Monday, March 3, 2008

Top Ten Post Apocalyptic Tales

I must again apologize for the delays, but unfort

March is here, and with it comes our Secret Conspiracies, Apocalypses, and End of the World Cults Month (just try fitting that on a placard). OK, so if the end of the world is nigh at hand, what happens next? After the world-shattering event there are going to be survivors, and so let us take a look at some of the best tales of 'after the bomb' living...

10 - Deathday/Earthrise by William C. Dietz - Remember the movie Independence Day? Well this series of novels posits a similar scenario with the simple correction that the aliens are not total morons (and that you cannot hack into an alien computer, even with Linux). The aliens wipe out 90% of the population of Earth and enslave the rest. It is a pretty brutal existence, but then again, what isn't.

9 - The Marked Man by Charles Ingrid - This is a story of life in California long after the Earth has been struck by a massive meteor. Humanity, well un-altered humanity anyway, was wiped out in the cataclysm, but a number of altered variant humans have survived, and some of these are trying to breed back real humans through natural selection. A brilliantly told story of a hardscrabble life that makes a whole lot of sense (after all, the most important location in the story is the Water Treatment Center in San Marin County).

8 - The Forge of God/Anvil of Stars by Greg Bear - An alien civilization does not like noisy neighbors, and sends self-replicating devices of supremely destructive power to wipe out life on Earth. This is a tough story because it involves two alien factions, one of which is trying to preserve as much of humanity as it can, and the other of which may (or may not) be long dead. The survivors, which the good aliens have planted on Mars, are forced to cope with the loss of billions of their people, and must send out a crew to bring justice to the aliens who wiped out their home world. This is a remarkable series on a number of levels, and really shows how tenacious children can be.

7 - I Am Legend by Richard Matheson - Well, there have been three movies that have totally missed the point of the book, but in the end it is this seminal tale of a lonely survivor in a vampire infested world that stands the test of time. Poor Robert Neville must learn to cope with days filled with emptiness and nights filled with horrible creatures that want to get him. This does not sound like fun.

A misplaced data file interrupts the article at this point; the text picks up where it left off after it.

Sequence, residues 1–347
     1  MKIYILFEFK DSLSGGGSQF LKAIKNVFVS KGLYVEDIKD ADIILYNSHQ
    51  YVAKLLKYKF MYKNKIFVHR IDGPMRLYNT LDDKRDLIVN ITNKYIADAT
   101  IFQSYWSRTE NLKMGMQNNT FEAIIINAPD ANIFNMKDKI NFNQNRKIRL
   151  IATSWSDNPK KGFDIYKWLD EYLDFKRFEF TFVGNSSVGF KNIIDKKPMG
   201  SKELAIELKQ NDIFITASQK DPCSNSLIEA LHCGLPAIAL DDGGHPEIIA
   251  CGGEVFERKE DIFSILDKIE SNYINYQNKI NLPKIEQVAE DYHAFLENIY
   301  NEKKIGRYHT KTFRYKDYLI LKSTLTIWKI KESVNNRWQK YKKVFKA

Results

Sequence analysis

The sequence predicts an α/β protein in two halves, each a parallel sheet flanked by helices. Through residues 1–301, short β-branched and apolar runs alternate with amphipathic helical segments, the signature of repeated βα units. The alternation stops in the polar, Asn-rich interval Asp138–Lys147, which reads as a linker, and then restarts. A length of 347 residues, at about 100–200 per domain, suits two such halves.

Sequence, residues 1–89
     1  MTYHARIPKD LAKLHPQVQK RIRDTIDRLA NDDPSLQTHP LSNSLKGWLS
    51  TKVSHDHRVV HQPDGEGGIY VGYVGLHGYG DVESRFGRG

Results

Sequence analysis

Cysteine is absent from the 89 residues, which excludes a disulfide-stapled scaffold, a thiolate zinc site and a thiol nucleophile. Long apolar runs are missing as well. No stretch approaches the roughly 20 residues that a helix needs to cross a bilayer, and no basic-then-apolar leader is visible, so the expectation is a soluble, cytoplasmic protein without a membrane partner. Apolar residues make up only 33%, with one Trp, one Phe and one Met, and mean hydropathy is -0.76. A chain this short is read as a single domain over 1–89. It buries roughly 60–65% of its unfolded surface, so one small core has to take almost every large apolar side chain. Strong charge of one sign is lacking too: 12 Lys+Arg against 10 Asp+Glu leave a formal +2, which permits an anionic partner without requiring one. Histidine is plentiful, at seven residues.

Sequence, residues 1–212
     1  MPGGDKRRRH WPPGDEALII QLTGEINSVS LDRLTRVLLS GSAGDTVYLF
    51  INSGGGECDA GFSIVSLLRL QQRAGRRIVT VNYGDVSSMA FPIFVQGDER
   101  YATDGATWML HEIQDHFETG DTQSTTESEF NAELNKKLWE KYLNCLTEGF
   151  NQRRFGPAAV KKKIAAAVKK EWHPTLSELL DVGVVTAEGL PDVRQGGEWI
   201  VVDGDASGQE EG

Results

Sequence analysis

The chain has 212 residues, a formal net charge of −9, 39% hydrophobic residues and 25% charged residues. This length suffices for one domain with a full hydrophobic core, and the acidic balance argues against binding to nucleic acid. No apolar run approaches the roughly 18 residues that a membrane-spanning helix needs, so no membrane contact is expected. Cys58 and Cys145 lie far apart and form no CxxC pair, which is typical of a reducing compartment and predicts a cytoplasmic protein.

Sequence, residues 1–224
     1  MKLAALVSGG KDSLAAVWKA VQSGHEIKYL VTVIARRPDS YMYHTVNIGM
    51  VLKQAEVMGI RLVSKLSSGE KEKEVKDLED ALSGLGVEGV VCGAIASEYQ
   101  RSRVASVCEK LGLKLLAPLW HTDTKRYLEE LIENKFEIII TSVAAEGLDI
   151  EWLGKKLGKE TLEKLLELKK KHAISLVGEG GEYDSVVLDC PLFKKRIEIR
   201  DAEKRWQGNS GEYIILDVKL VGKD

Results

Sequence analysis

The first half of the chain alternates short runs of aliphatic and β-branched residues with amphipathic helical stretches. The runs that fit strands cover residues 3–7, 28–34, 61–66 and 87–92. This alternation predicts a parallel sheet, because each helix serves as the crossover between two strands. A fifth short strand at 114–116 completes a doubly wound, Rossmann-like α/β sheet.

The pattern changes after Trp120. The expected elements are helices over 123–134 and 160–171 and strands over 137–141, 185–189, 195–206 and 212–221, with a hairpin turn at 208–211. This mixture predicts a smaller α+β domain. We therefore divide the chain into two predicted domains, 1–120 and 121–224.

6 - Dahlgren by Samuel R. Delaney - Often described (and decried) as one of the most difficult SF novels of all time, this particular tale of the time after Armageddon is a lyrical and bizarre story of characters trapped in an eternal now. Maybe. Actually, I am not entirely sure about that either... Anyway, it is a great book.

5 - Vellum/Ink by Hal Duncan - Surprisingly this series by Scottish newcomer Hal Doncan is as complicated and difficult as Dahlgren, but with a twist: you can actually understand what is going on. This series takes us through a semi-scientific and semi-supernatural apocalypse that leaves immortal super-beings strewn across the map of time like poorly squished roadkill. Beautifully written and combining stories from past, present, and future, this series will provide you with hours of discussion and thousands of questions.

4 - Eternity Road by Jack McDevitt - Much like the Marked Man series, this takes place in a far future, where the apocalypse is a distant memory. A group of scholars set out on the road to find a hidden library of knowledge from before the fall of man. These folks understand the idea of some of the mechanical innovations that came before (like submarines and cars), although they do not really comprehend how to make them work. There is a great scene in the story when a building's AI asks the explorers to kill it.

3 - The War Against the Chtorr by David Gerrold - When a series of nasty plagues wipe out most of the population of Earth, the survivors must try to band together to defeat an alien infestation that may have started the massive die-offs. In turns this series is strange and common, and it makes one really think about how man would cope in these situations. After all, it is hard enough dealing with the deaths of billions without the threat of being eaten by caterpillars the size of Volkswagens.

2 - A Canticle for Liebowitz by Walter M. Miller - Set in the years after the nuclear war that almost destroyed mankind, a young Jewish engineer converts to Catholicism and starts a monastic order dedicated to the preservation of works of science and technology in a world gone suddenly luddite. The story follows characters over three time periods as man strives to fins a new way in the age after the Flame Deluge.

1 - The Stand by Steven King - And speaking of plagues, here is the granddaddy of all plague stories, with 95% of the population of the Earth dying from the 'Captain Tripps' version of the super flu. Good and evil duke it out between Boulder and Las Vegas, and life, as always, finds a way. Filled with suspense, action, and great characters, this is a classic of many genres.

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